Wednesday 21 February 2018

O'Neill wants Ireland players 'bursting with enthusiasm'

Attracting new recruits and boosting FIFA rankings the main goals ahead of campaign for Euro 2016

Republic of Ireland manager Martin O'Neill
Republic of Ireland manager Martin O'Neill
Daniel McDonnell

Daniel McDonnell

TO paraphrase a popular festive warning, international football is for life -- not just for Christmas.

That's certainly the mantra that Martin O'Neill adheres to as he settles into the peculiarity of a Yuletide period without direct managerial responsibility. He will go to a match on St Stephen's Day in a watching brief, the role that he's been confined to since the Ireland squad's return from Poland and the second part of his opening double-header as manager.

The scouting has allowed him to have a look at players who may qualify for Ireland (Nathan Redmond), players who are eligible, but have no interest because they are waiting for a call from England (Mark Noble) and a player who has already played, but has yet to definitely indicate he wants to come back (Stephen Ireland).

O'Neill made a conscious decision to wait until the new year before approaching individuals with a view to expanding the range of options at his disposal, although when it comes to this delicate issue, he would like an indication from the players that they would welcome his call.


"I'd like the players to have some enthusiasm about wanting to do it," said O'Neill, summing up his bottom line view on the overall topic.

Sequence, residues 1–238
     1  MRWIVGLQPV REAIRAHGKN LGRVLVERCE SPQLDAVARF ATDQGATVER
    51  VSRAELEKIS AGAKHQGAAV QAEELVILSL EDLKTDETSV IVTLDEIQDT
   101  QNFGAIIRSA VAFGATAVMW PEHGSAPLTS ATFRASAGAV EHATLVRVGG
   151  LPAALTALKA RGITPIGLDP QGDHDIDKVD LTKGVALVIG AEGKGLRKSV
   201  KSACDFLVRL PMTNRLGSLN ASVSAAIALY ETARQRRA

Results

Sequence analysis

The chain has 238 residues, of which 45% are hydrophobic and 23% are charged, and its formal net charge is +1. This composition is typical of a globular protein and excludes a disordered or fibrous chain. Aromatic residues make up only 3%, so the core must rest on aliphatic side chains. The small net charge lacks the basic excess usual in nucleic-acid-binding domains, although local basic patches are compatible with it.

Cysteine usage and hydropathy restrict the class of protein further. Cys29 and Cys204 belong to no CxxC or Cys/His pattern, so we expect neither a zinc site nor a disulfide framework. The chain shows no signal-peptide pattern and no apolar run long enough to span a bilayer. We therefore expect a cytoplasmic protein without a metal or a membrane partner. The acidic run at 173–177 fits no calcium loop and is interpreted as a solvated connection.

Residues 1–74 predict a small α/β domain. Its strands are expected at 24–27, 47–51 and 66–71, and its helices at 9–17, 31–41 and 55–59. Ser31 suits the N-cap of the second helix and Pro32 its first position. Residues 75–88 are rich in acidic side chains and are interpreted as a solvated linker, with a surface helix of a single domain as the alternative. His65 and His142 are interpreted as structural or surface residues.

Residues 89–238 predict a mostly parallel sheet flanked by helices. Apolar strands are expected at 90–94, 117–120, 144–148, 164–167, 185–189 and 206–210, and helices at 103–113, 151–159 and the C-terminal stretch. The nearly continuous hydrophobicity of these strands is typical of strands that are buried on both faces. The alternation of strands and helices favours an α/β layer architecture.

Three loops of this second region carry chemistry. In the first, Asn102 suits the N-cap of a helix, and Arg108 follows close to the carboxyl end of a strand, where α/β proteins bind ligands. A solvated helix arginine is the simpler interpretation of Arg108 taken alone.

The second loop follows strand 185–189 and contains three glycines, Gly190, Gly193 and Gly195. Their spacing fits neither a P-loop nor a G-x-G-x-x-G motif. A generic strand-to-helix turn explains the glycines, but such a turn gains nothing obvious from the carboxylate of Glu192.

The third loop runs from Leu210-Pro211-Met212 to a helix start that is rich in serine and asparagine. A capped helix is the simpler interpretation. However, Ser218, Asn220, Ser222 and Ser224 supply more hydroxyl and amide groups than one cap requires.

"I might glean that from other sources and I probably would do, but eventually when I get to talk to the player, I'd like him to be bursting with enthusiasm. If he isn't well I can say, 'That's the end.' I might have to do a bit of persuading, but if I'm having to do an awful lot of persuading, I'm not wildly sure it's worth it."

Asked if the same principles applied to Stoke midfielder Ireland, who has been out of international football since 2007, O'Neill was clear. "Absolutely, absolutely," he replied, before adding that the Cobh man was only a sub when he ventured to watch him, whereas assistant Roy Keane witnessed a full outing. "The game I went to, it was hard for me to make an assessment. Of course I listen to what Roy has to say, but I haven't made communication with him at the moment."

The talented midfielder had his own granny issues which contributed significantly to his exile. With others who have slipped under the radar to this point, or deliberately chosen to hide from it, the situation is a tad more complex. On a fruitless trip to Norwich to see the benched Wes Hoolahan, O'Neill had a look at ex-Birmingham midfielder Redmond, yet further investigation is required to ascertain if the 19-year-old is fully qualified.

These chases tend to throw up red herrings; Liverpool's Jon Flanagan does not have a recent enough family connection, while Noble and Sunderland striker Connor Wickham have restated that their wish is to represent England.

Still, O'Neill, who lined out for Northern Ireland next to English-born performers such as Chris Nicholl, feels it would be wrong not to explore every avenue.

"Jack (Charlton) used them to his advantage and in those days I don't think anyone complained because the Republic hadn't any real success in a long time and Jack brought success. If he brought success with Ray Houghton having a Scottish accent, who really cared?

"You talk about the ethics and the process of eligibility, if other countries are doing it and you felt because you had a stand on it, or didn't do it to your detriment I think people would probably pronounce you as rather foolish. I think I would have to use it if I thought someone within these rules might improve our team.